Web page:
Early on the morning of March 9, 2016, the heart of the Greenwood neighborhood exploded. The blast, which was caused by a natural gas leak from an abandoned Puget Sound Energy gas line, rendered three businesses—Neptune Coffee, Mr. Gyros, and Quik Stop—into a massive pile of rubble. In the subsequent months, a handful of businesses remained boarded up as owners bitterly fought over claims with their insurers. One resident, who lived above Gorditos Healthy Mexican Food, was made temporarily homeless while the building underwent repairs and renovations.
Now, nearly one year after the explosion, some of the neighborhood's small businesses are still struggling to recover. During a joint press conference at the Taproot Theatre on Wednesday, Seattle City Council member Mike O'Brien, whose district includes Greenwood, and five small business owners and workers called on Puget Sound Energy (PSE) to take financial responsibility for the explosion and its aftermath.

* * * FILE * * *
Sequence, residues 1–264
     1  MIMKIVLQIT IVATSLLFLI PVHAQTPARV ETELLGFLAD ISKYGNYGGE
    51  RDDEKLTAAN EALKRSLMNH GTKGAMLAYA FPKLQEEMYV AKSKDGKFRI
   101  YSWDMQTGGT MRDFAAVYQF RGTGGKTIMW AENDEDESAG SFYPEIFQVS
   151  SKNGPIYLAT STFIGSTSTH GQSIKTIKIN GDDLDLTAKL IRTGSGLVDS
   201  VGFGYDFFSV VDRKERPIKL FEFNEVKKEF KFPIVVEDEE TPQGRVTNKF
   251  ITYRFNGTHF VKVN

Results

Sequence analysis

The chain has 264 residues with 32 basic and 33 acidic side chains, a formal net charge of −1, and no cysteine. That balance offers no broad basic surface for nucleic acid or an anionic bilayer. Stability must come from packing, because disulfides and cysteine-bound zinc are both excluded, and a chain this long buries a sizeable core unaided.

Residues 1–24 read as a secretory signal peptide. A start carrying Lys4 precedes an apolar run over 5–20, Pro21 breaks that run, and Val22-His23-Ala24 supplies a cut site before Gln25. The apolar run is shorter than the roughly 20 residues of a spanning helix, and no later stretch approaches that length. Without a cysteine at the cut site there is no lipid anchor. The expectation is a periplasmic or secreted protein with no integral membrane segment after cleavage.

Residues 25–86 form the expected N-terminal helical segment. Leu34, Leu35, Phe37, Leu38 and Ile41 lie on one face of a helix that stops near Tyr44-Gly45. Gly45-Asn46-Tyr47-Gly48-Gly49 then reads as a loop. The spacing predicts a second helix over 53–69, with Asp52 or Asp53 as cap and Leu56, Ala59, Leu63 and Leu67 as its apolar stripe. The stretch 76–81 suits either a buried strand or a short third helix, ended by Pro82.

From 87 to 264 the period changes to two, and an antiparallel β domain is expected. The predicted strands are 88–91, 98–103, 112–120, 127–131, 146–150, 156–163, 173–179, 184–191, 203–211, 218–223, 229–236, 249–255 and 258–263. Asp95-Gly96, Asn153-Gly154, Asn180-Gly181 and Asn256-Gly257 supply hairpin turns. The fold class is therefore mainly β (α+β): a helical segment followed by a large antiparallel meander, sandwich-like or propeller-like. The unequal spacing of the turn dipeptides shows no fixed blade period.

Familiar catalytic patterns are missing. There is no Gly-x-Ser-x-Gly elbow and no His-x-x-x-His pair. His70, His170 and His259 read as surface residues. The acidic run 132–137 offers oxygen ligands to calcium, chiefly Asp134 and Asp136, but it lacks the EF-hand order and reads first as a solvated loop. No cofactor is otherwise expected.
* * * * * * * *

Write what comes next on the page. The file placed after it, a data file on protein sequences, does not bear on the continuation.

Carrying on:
Last autumn, Washington's Utility and Transportation Commission (UTC) filed a complaint against PSE, alleging that the corporation was in violation of 17 pipeline safety regulations, which could cost up to $3.2 million, The Seattle Times reported. But since then, a handful of struggling small business owners have yet to see a dime from the utility company.
"Puget Sound Energy, and particularly their CEO Kimberly Harris, continue to seem to be unwilling to make restitution to these businesses or to really acknowledge their responsibility in the explosion," said Nikki Vissel, an actress and Taproot Theatre employee.